The Ofi Press Magazine

International Poetry and Literature from Mexico City

4 Poems Published

By Colin Carberry, Canada/Ireland/Mexico

 Accompanying Artwork by Verónica Gerber Bicecci, Mexico

(Published in Issue 7)



I missed them once, those tense demotic days

when we re-fought the old wars in the snug

of every rundown pub; those magic days

when we wuz roight gud mates; when every wrong


could be righted with a timely terrace rant

and a Bushmills neat. It hardly ever came

to blows, and even then it never went

past yellow card/‘parity of esteem’


of our sitzkrieg: two pints each as goal posts;

the barman, referee. I loved the sideways

stealth, the vicious give and take of those

creeping come-on attacks (for Saxon read


‘Limey prick’; for Celt, ‘Bog-Irish bastard’)

with anything that rhymed and gave offence.

And the lies, they were brilliant! You once told

four spectators that your dad played defense


for Leeds in ’66, but still managed

to score – from forty years out, I believe?

When they heard my uncle was Georgie Best,

the Belfast Boy, they wouldn’t let us leave.


Then take it home, the wee hours argument,

our chants echoing deep into overtime …

Till harsh words in Ireland sparked the blow-out,

and our habitual exhibition game


escalated into a full-blown black

propaganda and dirty tricks campaign:

poison-tipped barb borrowed barb, as the mask

slipped amidst the gregarious smoke-screen,


and we were mired fast in the implausibly un-

deniable zone of injury time –

beyond us the barman’s half-heard, Come on

now, lads. Have yiz no homes at all. It’s time …


Whoever’s to blame for the stress and strife

we caused one another, when the whistle

blew on our endless friendly we were offside,

the tally for all our troubles: Nil-Nil.


 Colin Carberry was born in Toronto and raised in Ireland. He is the author of the poetry collections The Crossing (Bearing Press, 1998), The Green Table (Exile, 2003) and Ceasefire in Purgatory (Luna, 2007), and is the translator of Love Poems (Biblioasis, 2011), as well as an earlier volume of Jaime Sabines’s verse.  His own poetry has been translated into many languages.  Colin has read from his work on radio and television, and at book fairs, literary festivals and universities in Bosnia-Herzegovina, Canada, Ireland, Mexico, the United States, and Serbia.  He founded and organizes the Linares International Literary Festival.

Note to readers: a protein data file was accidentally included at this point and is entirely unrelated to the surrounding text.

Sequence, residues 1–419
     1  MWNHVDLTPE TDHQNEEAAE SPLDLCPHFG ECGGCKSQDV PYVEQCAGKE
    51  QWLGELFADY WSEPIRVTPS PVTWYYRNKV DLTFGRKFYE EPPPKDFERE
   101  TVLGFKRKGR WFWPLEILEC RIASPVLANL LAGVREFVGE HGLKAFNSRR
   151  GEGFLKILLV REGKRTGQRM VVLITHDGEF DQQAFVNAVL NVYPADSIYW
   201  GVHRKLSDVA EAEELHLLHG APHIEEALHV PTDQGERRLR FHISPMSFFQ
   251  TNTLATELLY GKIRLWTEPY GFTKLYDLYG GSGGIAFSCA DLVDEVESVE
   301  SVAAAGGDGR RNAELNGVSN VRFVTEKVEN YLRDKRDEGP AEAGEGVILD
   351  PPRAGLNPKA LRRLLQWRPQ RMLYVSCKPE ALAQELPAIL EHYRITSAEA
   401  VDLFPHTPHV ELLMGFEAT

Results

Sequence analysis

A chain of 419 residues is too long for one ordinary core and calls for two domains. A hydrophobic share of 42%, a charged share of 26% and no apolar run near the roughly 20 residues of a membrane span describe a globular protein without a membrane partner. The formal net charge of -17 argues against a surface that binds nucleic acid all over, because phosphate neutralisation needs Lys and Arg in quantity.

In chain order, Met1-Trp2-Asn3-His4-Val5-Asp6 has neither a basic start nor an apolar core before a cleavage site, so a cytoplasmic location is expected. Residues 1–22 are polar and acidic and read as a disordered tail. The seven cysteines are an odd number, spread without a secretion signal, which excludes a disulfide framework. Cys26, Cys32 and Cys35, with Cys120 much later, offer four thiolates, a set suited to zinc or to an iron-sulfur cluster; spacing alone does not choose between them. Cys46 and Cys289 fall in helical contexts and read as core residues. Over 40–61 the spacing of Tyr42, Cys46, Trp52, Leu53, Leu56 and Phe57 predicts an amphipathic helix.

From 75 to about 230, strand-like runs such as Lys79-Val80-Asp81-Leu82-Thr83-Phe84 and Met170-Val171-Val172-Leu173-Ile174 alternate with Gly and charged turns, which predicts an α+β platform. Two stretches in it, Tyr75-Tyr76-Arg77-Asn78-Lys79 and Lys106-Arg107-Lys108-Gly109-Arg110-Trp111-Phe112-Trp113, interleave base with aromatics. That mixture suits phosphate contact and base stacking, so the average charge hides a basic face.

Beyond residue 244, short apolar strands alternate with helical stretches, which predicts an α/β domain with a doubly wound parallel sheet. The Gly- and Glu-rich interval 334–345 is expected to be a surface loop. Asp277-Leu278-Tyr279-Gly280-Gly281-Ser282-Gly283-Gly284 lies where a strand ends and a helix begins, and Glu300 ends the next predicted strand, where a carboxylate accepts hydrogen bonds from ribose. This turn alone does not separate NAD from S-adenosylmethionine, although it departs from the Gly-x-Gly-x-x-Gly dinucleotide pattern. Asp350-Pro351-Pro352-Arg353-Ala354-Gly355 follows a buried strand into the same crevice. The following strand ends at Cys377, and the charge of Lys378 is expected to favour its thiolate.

for Goran Simic


I linger outside your old apartment

long past midnight, listening to the rain shed

tears for those shell and sniper tore apart 

looking for water or loaves of stale bread.

How in that dark time you managed to sing,

craft beauty from carnage by candlelight,

when the wind’s whistle was an incoming

mortar round roaming unseen in the night,

and stay sane is beyond me. I’m alive,

you shrug, but the black flicker of sorrow

and loss in your eyes even when you laugh 

hardest will burn undimmed, for well you know,

Yugoslav poet, that for those who bore

witness the war would never be over.




(after Jaime Sabines)


Whenever you feel like dying

hide your head under the pillow

and count four thousand sheep.

Go two days without eating

and you’ll see how beautiful life is:

meat, beans, bread.

Go without woman: you’ll see.


Whenever you feel like dying

don’t go kicking up a big stink: just die

and leave it at that.




    from a Cambridge Preparation for the TOEFL Test book


Problem No 7. Point of View

Activities of the Dead

(The instructions read):


In all patterns, avoid

using present verbs to refer to

activities of the dead.








The illustrations for these poems are by Verónica Gerber Bicecci (Mexico) and come from her project of Diagrams of Silence. Your can find out more about her work here: